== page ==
Beware recruiters who capitalize on staff fears
They try to hire your therapists
If changes in your program make your staff fearful or unhappy, expect to contend with outside recruiters who will try to persuade them to take jobs in other hospitals or health care settings. As soon as Rehabilitation Hospital of Indiana (RHI) informed its staff that professional staffing ratios would change, outside recruiters started contacting its therapists and offering them jobs. Some even guaranteed that the therapists would not have to work with a therapy tech in their new positions.
"The recruiters knew what buttons to push. They made guarantees that were hard to fight because we were committed to our change process," explains Donna Cameron, chief executive officer of the Indianapolis hospital.
In the early stages of the hospital's massive re-engineering project that included the staffing mix changes, several occupational therapists were recruited to the same organization, she says. "We lost some very good people. A few have come back."
The key to coping with outside recruiters is to communicate with your staff. Try to persuade them to stay and see how the changes work out, rather than reacting and leaving quickly, Cameron says. "There is always going to be an outside entity that tries to capitalize on staff adjustment to a major change. Outside recruiters will become very aggressive with a staff that is going through a change."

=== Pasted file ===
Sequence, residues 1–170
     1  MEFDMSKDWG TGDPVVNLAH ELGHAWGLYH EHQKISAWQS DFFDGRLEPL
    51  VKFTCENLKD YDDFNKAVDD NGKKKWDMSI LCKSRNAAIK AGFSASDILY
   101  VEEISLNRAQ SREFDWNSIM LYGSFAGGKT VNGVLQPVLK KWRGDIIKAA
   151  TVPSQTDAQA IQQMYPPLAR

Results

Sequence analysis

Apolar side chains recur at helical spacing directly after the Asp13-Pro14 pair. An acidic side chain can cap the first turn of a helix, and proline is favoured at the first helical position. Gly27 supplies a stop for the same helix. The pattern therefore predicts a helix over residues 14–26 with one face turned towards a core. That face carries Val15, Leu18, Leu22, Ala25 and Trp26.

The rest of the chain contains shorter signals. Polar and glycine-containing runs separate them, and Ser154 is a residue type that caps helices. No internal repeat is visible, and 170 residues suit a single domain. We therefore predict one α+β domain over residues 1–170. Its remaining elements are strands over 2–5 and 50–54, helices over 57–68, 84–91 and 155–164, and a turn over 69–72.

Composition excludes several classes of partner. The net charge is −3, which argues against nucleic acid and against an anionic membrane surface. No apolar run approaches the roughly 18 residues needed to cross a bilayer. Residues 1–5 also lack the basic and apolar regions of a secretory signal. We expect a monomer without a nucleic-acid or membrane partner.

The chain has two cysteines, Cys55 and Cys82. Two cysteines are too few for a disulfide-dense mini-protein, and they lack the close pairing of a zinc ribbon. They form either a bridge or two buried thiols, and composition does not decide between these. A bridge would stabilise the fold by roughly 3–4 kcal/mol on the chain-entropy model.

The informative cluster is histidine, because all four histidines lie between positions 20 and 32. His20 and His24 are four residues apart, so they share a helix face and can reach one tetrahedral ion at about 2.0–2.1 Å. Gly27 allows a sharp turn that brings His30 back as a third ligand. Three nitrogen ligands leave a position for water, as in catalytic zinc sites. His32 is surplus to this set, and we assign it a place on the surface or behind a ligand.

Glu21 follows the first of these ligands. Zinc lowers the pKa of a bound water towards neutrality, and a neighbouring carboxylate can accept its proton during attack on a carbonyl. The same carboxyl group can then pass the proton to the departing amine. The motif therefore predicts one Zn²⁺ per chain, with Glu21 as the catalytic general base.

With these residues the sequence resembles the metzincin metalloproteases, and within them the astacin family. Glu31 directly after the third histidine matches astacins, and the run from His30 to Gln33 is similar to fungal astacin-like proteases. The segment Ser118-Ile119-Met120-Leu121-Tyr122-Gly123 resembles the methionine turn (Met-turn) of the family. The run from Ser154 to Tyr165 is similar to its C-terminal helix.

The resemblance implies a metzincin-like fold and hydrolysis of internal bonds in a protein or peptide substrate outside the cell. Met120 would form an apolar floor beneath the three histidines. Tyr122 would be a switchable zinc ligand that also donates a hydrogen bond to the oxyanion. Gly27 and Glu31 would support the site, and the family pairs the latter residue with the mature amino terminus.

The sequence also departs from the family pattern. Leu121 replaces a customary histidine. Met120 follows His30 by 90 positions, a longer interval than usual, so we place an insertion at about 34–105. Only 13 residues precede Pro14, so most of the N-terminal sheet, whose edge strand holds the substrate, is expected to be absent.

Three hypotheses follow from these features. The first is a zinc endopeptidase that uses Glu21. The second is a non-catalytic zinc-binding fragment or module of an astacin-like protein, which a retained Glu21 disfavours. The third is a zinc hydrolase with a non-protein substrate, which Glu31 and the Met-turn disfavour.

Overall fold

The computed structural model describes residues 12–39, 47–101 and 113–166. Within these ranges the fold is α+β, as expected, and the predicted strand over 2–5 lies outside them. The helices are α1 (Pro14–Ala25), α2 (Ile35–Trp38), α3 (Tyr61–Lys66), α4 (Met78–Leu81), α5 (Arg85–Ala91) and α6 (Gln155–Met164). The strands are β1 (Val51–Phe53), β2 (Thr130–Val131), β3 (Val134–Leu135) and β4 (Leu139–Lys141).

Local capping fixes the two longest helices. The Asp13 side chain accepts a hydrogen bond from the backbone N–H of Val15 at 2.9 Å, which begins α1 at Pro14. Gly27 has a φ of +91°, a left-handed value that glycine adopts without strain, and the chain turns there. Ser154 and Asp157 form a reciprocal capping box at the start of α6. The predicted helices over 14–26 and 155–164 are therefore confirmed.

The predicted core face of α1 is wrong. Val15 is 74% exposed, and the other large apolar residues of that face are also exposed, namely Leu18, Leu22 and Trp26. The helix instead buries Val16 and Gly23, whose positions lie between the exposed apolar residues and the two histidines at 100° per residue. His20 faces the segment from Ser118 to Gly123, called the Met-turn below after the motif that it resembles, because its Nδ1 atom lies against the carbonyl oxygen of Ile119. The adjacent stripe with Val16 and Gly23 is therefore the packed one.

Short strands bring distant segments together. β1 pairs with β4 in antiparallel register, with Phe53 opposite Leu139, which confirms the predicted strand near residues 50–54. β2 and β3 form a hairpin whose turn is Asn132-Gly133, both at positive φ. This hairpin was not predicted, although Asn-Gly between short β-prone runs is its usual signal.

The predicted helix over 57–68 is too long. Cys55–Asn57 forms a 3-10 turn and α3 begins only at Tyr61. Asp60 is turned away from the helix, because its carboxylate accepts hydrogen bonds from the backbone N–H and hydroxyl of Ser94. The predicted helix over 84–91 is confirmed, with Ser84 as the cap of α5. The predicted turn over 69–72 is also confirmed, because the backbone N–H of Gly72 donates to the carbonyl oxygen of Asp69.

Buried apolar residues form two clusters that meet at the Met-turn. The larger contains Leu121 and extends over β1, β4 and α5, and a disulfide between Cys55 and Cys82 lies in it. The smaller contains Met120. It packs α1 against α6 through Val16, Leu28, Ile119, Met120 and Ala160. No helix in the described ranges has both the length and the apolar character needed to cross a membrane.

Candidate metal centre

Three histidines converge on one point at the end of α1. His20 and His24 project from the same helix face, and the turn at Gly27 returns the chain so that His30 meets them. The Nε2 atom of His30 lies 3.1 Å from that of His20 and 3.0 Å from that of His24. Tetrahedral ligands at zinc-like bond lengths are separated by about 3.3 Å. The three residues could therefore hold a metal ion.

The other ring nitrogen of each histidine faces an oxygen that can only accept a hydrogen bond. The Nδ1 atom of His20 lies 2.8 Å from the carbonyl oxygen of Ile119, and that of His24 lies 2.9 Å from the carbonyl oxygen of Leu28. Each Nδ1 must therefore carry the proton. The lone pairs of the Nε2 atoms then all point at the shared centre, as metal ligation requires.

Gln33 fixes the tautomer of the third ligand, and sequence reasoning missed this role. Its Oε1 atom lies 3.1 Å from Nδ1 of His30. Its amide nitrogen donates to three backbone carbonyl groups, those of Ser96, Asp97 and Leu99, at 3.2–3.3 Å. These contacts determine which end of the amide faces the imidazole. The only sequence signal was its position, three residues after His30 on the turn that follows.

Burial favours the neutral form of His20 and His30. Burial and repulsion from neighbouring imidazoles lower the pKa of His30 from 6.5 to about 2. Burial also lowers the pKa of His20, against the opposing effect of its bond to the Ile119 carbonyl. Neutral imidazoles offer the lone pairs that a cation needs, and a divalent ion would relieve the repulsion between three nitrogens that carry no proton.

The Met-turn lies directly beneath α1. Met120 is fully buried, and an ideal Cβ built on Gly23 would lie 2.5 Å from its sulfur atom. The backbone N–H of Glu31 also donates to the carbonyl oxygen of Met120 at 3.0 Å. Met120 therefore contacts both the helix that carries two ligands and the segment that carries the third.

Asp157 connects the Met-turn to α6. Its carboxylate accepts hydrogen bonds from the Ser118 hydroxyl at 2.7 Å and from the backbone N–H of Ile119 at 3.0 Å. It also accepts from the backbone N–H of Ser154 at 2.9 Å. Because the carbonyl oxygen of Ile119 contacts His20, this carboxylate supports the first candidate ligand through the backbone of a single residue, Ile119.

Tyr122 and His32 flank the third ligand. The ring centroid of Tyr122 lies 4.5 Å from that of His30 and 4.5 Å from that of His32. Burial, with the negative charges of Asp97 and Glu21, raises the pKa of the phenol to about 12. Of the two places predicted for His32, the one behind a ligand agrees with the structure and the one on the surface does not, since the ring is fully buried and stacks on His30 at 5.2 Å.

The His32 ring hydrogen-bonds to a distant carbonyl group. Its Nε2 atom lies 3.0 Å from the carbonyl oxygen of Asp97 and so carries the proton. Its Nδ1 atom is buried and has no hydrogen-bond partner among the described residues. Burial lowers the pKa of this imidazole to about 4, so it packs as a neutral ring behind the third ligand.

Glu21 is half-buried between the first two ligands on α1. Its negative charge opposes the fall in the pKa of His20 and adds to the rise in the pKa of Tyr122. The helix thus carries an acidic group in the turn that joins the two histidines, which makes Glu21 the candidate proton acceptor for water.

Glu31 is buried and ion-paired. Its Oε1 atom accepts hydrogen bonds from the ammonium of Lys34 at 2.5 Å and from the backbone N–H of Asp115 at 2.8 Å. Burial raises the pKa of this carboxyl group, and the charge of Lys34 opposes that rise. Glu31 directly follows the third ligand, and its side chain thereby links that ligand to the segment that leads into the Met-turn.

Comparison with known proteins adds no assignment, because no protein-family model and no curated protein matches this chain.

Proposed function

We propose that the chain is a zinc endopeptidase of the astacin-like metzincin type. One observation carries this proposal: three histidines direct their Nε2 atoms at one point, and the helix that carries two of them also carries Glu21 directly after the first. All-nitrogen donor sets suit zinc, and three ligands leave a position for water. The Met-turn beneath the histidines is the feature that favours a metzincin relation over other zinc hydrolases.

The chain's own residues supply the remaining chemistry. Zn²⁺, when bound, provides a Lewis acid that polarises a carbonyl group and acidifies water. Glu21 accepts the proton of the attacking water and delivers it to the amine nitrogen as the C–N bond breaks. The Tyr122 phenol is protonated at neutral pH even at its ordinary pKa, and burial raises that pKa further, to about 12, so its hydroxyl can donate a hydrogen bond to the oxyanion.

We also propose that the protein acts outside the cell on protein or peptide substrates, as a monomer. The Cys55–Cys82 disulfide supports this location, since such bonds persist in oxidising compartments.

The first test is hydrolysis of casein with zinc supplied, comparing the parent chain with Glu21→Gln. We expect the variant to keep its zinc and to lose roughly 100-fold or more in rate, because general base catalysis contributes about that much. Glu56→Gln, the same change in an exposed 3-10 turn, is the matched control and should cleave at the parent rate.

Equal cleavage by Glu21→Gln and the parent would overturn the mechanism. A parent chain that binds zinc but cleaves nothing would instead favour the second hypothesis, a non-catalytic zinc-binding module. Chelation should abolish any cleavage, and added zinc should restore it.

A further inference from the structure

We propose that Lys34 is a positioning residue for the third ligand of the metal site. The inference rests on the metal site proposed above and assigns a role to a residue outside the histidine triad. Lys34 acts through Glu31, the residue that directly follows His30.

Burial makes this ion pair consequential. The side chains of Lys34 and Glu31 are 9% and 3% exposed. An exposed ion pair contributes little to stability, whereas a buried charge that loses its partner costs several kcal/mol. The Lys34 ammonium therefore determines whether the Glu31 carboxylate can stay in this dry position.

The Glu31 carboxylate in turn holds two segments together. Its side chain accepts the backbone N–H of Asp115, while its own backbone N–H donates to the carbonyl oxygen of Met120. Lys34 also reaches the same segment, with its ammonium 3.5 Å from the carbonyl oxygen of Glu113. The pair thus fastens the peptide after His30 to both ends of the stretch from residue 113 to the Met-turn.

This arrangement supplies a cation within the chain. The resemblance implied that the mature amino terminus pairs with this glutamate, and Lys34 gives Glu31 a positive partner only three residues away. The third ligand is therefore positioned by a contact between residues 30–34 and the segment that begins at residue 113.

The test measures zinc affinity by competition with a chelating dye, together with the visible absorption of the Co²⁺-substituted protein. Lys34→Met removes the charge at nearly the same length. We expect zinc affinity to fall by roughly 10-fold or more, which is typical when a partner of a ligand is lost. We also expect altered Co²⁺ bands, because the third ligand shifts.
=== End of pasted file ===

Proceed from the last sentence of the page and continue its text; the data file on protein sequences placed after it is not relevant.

Communicate to ease pain of change
Emotion and lack of information is a bad combination, Cameron asserts. For any change in your hospital's way of doing business to succeed, you have to communicate frequently with staff and ask for their feedback. At RHI, hospital managers established a preceptor group with a representative from each therapy discipline. The preceptors worked with the clinical educator to develop and revise the training and competency programs for the newly created position of rehab techs.
The preceptors went back to their disciplines and shared information in staff meetings, facilitating the exchange of ideas among multiple groups of staff during the process. The hospital held special meetings to discuss the changes and made the new staffing patterns a topic at regular staff meetings.
"We tried to promote to the therapist that the techs were not taking over their duties. Instead, they were becoming an extension to help the therapist meet more patient needs," Cameron says.
In today's health care environment, therapists can't do everything for everyone. But if they utilize assistants and techs effectively, they can accomplish more for more patients, she adds.